How to Install a GFCI Outlet in your Bathroom and Kitchen

Maybe you want to replace or install a new gfci outlet in your bathroom or kitchen. Wiring a gfci receptacle is an easy task for electricians and diy lovers with wiring experience.

However, you must meet all safety standards and the national electrical code requirement to keep your bathroom safe.

In this blog post, I will guide you on how to install gfci outlets in your bathrooms, kitchens and entire home.

What is a gfci outlet?

A GFCI (Ground Fault Circuit Interrupter) is a type of electrical outlet designed to protect you from electric shock. The outlet works by monitoring the current flow in the circuit.

When it detects an imbalance between the current going to and returning from the outlet, it cuts off the circuit.This type of receptacle is often used in areas where ground faults are common.

How does GFCI outlet work?

The primary function of a gfci outlet is to protect human beings from electrical shocks.

It achieves that by monitoring the flow of electricity between the line and load terminals of the outlet.

If it detects an imbalance between the line and load terminals, it trips the circuit to prevent electrical hazard.

Where is it required?

GFCIs are required by the NEC to be mounted in areas with a higher risk of electric shock, such as bathrooms, kitchens, garages, and outdoor wet areas.The receptacles are required to be placed within 2 to 4 feet of the wall.

Materials and tools required for the installation

The following materials and tools are necessary to wire a gfci outlet.

  • GFCI receptacle
  • Non-contact voltage tester
  • Screwdriver
  • Plier

Procedures to wire the bathroom outlet

Once you have the required tools and materials; put on your protective glove and begin the gfci wiring.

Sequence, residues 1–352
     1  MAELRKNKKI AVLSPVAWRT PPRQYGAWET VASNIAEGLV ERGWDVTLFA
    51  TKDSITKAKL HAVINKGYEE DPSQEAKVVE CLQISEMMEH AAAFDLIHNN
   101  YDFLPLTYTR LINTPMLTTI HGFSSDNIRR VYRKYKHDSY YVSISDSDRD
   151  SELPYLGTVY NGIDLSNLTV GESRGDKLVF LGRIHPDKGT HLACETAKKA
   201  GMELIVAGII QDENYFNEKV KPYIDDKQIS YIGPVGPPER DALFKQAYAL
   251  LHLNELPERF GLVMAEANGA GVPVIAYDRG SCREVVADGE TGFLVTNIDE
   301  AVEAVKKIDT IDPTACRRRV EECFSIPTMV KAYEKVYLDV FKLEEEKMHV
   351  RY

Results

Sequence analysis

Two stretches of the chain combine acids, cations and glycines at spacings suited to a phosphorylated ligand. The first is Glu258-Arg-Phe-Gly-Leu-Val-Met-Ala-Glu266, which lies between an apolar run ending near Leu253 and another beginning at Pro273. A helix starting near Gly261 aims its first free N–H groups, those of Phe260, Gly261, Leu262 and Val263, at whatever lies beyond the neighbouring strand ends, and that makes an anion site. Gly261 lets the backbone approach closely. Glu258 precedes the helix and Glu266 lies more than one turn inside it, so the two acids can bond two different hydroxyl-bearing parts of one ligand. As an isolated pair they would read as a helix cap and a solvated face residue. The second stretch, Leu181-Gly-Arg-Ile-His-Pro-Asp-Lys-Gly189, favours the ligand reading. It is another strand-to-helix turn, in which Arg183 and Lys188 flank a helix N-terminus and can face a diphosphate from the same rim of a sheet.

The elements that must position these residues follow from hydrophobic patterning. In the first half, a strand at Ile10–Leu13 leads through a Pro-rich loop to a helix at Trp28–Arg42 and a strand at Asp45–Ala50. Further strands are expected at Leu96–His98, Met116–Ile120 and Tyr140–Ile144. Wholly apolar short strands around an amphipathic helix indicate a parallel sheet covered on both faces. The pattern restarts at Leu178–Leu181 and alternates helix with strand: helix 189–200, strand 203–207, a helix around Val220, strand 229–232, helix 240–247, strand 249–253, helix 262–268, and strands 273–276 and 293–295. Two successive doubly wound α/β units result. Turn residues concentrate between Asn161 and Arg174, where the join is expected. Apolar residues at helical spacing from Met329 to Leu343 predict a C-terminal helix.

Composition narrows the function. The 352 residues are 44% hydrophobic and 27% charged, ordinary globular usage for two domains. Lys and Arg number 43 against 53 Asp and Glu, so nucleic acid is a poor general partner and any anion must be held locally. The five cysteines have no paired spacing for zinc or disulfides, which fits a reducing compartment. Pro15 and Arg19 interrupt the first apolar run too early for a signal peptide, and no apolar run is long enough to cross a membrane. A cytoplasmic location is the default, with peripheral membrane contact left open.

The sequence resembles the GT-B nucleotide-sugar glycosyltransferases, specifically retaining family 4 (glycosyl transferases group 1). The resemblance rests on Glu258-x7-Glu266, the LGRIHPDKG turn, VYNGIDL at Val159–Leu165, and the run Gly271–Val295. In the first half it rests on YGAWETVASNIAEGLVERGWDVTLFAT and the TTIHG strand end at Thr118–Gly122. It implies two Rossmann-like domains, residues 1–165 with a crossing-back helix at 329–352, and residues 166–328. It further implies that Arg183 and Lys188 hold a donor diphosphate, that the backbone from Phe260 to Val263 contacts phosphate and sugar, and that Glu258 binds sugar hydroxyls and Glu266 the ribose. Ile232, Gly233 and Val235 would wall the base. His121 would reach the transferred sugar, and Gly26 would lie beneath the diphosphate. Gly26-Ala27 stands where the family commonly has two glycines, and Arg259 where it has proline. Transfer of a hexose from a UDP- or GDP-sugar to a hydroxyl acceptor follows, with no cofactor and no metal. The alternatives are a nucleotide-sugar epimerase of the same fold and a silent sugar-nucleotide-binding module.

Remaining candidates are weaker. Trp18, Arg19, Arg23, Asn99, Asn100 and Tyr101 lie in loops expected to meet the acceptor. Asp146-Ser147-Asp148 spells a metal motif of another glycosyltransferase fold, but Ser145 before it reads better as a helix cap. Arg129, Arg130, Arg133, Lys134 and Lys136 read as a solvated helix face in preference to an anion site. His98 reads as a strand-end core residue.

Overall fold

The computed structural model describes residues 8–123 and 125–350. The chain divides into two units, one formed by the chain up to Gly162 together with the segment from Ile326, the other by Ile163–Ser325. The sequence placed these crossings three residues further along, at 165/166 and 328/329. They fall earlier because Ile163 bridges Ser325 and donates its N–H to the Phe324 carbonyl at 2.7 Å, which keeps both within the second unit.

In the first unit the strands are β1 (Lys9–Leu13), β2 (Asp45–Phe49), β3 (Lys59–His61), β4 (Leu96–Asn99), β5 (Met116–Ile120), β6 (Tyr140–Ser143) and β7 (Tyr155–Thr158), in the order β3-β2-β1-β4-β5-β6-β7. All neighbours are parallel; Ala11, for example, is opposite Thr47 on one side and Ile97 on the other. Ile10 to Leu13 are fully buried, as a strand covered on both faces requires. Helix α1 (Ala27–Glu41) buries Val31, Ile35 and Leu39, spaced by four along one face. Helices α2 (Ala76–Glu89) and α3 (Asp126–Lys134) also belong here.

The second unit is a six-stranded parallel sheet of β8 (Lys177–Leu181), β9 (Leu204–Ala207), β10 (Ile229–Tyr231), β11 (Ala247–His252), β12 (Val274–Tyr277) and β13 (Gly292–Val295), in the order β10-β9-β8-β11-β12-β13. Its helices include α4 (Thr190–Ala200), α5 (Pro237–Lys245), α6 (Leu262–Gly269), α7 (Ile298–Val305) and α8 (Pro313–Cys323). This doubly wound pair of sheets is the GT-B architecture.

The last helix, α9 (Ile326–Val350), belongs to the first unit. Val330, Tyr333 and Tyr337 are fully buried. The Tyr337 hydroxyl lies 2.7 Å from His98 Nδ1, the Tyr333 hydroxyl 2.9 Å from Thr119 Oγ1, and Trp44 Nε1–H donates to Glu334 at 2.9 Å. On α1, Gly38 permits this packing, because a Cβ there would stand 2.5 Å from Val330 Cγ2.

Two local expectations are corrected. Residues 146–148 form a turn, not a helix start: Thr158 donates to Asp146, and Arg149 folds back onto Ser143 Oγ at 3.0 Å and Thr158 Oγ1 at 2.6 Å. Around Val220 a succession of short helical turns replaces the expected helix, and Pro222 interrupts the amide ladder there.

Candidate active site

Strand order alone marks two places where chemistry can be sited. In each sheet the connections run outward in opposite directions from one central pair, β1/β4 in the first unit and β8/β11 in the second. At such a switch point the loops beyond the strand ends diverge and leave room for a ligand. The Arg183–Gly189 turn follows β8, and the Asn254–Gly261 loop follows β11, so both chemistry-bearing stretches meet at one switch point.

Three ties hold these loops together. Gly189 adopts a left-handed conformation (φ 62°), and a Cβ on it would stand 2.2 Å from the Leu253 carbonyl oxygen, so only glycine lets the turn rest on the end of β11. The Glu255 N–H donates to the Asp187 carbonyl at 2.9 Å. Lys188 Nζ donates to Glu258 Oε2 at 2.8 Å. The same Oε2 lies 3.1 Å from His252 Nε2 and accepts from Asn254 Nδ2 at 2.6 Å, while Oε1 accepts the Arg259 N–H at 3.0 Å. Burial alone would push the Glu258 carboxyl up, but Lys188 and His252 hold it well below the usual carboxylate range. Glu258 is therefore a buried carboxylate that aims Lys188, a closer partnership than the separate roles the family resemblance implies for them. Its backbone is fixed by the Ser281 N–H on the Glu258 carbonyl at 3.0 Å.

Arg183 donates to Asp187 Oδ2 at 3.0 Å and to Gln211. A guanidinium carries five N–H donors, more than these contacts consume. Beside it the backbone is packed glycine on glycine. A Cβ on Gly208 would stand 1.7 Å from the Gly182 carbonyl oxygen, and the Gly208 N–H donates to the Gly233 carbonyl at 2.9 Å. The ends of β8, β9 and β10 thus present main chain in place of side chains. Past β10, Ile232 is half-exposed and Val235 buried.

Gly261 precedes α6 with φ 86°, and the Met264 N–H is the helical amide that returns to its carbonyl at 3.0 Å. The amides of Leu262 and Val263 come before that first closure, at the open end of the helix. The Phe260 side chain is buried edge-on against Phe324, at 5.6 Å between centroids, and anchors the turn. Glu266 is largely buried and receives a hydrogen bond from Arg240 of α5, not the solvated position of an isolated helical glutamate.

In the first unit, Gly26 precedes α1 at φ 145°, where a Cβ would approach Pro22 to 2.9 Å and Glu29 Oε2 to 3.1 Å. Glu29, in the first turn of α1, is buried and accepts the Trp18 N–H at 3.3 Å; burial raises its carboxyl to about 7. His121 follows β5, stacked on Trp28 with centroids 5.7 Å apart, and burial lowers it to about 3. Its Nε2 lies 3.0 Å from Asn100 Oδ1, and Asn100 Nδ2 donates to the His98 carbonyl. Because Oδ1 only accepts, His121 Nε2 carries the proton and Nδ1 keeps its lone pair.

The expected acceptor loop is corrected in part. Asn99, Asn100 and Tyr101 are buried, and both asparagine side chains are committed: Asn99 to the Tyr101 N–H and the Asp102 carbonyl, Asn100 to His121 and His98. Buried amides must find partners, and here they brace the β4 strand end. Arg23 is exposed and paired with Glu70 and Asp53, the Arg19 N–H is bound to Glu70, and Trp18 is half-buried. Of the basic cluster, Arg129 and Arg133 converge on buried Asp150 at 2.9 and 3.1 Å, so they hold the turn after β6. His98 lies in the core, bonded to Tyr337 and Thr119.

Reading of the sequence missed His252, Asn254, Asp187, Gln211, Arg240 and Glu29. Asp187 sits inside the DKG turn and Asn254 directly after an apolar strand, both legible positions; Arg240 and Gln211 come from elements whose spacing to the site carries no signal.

Shut Off the power supply

Before you begin any wiring projects, it’s important to turn off the power source. This ensures that you don’t get electrocuted while handling electrical wires. To turn off the power to the outlet, locate the circuit breaker in your home breaker panel and switch it off.

Remove the wall plate and the old outlet

Now that you turn off the electrical system, loosen the screws holding the wall plate with your screwdriver, and remove the wall plate.

Pull out the existing outlet from the electrical box and disconnect the wiring. Remember how everything was wired before you disconnect it.

Attach the new outlet

The receptacle usually comes with 2 pairs of screw terminals, namely:

  • Line terminals: This supplies power to the outlet from the breaker panel
  • Load terminals: This supplies power to the devices connected to the outlet.
  • Earth terminal: To connect the earth or ground wire

Connect the wires

The brass screws on the outlet are for hot or black wire, while the silver screws are for neutral wires. First, do the line connection. Connect the black and white wires from the breaker box to the brass and silver screw of the line terminals.

Do the same for the load terminals and connect the bare copper wire to the green screw.

Make sure all wires are tight and secure and that no bare wires are exposed.

Put the new gfci back into the outlet box

Once you finish the wire connection, mount the outlet into the wall, cover it and tighten the screws.

Test the GFCI Outlet

Turn on the power and press the test button on the gfci outlet. This will cause the receptacle to trip and shut off power.

Press the reset button to restore power to the outlet. If the circuit breaker doesn’t trip or reset when you press the test or reset button, there may be a problem with the wiring connection.

In this case, turn off the power again and double check your wiring connections, or consider replacing the outlet.


Can I install a gfci outlet myself?

Yes, you can mount the receptacle outlet yourself if you have some basic electrical knowledge and the bathroom electrical code

Can a bathroom gfci and light be on the same circuit?

Yes, a bathroom gfci and light can be on the same 20-amp circuit provided the total load on the circuit didn’t exceed the electrical capacity of the circuit.

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About mariaelectricals

Hi, I am Emmanuel Nwankwo, a commercial electrician and the founder of I established this blog to share my decades of work experience in electrical installations and repairs.